RAIR Advert - March 1983
From Personal Computer World
RAIR: The box is not always black
A nice advert from RAIR showing the company's credentials as an OEM supplier, with the company's original "Black Box" showing up as the Innsite micro, Ryman business computer, and most famously as ICL's Personal Computer.
None of these machines were PCs in the IBM sense, but were more like desktop minicomputers, with their support for multiple users.
RAIR's own incarnation of this machine - the RAIR Black Box - was still doing the rounds in the guise of ICL's personal computer, to which it had licenced the internals, and the company was also helping ICL out in developing its product range.
Perhaps this included ICL's upcoming range of DRS (Distributed Resource System) modular computers, but there were also rumours that ICL was working on something to take on Apple's Lisa.
This was something of an easy target as the Lisa was retailing for a truly-staggering £8,500 (about £33,600 in 2024 money), so even behemoth and supplier-to-governments ICL reckoned it could undercut it by £2,000.
For a while, some commentators in the press, in particular Guy Kewney of Personal Computer World, seemed to hold out hope that RAIR might have become Britain's leading micro company, until founder Mark Potts took his company more in to the multi-user business instead.
Despite RAIR choosing to follow that particular path, Prudential Assurance still put £1 million of equity in to the company - said by Personal Computer News to be "one of the UK's best-established micro makers" - in August of 1983, with money coming from the Merchant Navy Officers' Pension Fund.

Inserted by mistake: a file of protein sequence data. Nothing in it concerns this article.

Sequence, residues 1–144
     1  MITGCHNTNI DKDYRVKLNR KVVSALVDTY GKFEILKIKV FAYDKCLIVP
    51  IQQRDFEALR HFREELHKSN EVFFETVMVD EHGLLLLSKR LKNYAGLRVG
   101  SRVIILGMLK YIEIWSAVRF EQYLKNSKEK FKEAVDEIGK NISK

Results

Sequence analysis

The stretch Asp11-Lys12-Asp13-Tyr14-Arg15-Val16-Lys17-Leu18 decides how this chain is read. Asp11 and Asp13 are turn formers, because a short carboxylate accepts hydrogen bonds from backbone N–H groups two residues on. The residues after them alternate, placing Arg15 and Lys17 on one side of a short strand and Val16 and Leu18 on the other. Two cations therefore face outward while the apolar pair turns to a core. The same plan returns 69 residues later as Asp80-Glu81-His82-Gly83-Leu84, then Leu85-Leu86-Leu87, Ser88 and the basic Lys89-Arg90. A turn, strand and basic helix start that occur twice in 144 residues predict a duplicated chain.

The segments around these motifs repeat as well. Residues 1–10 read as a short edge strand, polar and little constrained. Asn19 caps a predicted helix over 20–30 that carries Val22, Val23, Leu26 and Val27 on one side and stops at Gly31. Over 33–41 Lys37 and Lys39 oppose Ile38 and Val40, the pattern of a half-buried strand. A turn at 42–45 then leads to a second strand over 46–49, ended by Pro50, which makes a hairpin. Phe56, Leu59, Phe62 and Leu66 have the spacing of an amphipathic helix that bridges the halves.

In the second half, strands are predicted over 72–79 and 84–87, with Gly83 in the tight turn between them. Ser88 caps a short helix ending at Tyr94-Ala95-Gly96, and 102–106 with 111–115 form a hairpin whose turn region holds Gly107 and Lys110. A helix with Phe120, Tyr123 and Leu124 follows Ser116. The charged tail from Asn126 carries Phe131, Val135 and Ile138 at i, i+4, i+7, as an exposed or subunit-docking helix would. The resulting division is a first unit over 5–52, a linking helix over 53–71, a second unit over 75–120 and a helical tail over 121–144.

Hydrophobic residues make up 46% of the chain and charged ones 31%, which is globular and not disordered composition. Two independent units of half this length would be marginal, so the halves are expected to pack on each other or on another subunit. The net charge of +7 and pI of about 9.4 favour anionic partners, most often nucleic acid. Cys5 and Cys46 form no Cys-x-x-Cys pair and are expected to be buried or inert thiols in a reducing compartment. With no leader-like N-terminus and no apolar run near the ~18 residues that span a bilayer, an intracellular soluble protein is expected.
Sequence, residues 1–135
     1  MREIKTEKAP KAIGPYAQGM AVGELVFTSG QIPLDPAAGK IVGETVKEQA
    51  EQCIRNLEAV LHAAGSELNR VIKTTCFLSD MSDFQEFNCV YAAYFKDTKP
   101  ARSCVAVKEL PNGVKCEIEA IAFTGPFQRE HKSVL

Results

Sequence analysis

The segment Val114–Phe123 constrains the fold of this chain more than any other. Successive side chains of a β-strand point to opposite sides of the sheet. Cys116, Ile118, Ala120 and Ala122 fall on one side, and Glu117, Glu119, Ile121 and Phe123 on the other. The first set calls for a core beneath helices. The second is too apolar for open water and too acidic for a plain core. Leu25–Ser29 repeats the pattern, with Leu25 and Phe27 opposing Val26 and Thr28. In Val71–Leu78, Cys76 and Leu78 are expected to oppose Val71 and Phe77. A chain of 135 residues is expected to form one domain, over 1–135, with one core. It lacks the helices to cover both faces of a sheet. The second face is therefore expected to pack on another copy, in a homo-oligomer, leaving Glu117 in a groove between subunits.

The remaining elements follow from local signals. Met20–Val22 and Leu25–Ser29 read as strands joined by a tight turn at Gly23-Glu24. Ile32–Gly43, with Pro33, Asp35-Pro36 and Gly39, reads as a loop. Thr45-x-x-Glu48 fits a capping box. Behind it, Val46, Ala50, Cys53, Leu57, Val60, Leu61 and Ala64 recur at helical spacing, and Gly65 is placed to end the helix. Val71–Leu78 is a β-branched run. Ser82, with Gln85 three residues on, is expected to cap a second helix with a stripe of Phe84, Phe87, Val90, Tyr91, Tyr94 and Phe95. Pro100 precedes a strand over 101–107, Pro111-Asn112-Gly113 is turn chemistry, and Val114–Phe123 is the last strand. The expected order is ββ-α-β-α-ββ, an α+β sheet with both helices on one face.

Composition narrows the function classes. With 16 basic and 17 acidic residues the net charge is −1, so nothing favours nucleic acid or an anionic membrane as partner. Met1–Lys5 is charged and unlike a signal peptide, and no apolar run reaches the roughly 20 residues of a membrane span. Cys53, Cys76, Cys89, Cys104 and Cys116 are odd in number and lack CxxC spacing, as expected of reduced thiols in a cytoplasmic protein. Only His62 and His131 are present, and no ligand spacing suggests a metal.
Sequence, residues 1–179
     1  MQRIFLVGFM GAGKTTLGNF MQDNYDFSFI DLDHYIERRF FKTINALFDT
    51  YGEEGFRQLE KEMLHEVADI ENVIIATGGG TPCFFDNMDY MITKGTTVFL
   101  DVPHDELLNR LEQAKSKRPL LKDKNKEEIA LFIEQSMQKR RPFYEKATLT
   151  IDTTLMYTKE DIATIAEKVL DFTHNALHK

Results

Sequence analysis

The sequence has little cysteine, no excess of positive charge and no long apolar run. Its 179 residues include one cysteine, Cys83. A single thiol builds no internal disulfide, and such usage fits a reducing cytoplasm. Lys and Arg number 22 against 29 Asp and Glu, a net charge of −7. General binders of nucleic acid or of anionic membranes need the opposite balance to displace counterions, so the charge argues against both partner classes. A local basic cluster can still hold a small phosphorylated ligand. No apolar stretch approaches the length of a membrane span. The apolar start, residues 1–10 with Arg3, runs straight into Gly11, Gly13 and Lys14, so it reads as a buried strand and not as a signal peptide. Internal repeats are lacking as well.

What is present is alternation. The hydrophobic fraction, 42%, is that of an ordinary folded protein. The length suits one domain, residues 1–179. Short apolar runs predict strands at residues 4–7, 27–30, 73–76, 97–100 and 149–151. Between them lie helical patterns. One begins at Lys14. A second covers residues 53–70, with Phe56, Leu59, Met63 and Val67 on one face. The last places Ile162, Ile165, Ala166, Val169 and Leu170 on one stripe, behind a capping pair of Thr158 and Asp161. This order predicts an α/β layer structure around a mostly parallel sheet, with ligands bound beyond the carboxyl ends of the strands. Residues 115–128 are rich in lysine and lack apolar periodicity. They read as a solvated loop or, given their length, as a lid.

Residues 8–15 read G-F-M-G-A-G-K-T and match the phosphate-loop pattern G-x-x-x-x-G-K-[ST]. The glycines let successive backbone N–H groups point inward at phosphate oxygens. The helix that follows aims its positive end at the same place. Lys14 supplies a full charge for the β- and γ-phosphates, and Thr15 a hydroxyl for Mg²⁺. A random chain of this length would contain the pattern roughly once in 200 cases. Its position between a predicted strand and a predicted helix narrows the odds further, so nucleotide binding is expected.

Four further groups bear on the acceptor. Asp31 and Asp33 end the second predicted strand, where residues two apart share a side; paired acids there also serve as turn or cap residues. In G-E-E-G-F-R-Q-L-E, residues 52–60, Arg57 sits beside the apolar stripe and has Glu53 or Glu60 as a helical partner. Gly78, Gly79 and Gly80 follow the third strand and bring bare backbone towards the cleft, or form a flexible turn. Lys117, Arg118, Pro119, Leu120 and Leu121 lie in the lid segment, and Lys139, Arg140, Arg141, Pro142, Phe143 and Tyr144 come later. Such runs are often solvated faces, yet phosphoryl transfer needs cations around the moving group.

At the time, pension funds were regularly raided to raise investment capital, with Prudential having previously used the National Coal Board's pension fund to buy in to Dragon.
As well as the injection of capital from the Pru, RAIR was building up its dealer network and spinning off its terminal business as RTS Technology.
RTS was to take on the competition from companies such as Hazeltine - whose products RAIR had previously been supplying back in 1979 - TI, Centronics, Qume and IBM.
The MD of the new company - Bob Mountain - said "RTS intends eventually to sell complete systems, not necessarily built by RAIR".
RAIR's Nick Flowerdew (left) welcomes back the RAIR-sponsored Mk. 2 Astra at Dover. © Personal Computer World January 1987RAIR was still around in 1987, where Personal Computer World referred to its sponsoring of a car in the annual Beaujolais Run from Villefrance to Dover, where RAIR's marketing director Nick Flowerdew was on hand to welcome the drivers back as they crossed the finishing line.
The event - which bought back immature and often undrinkable first bottles from that year's vintage to be sold to yuppies in fashionable wine bars at over-the-odds prices - was, needless to say, all the rage in the 1980s.
Personal Computer World grumbled that although they appreciated RAIR sending them a photo of the event, they were upset that their "bottle of plonk" must have gone missing in the post.
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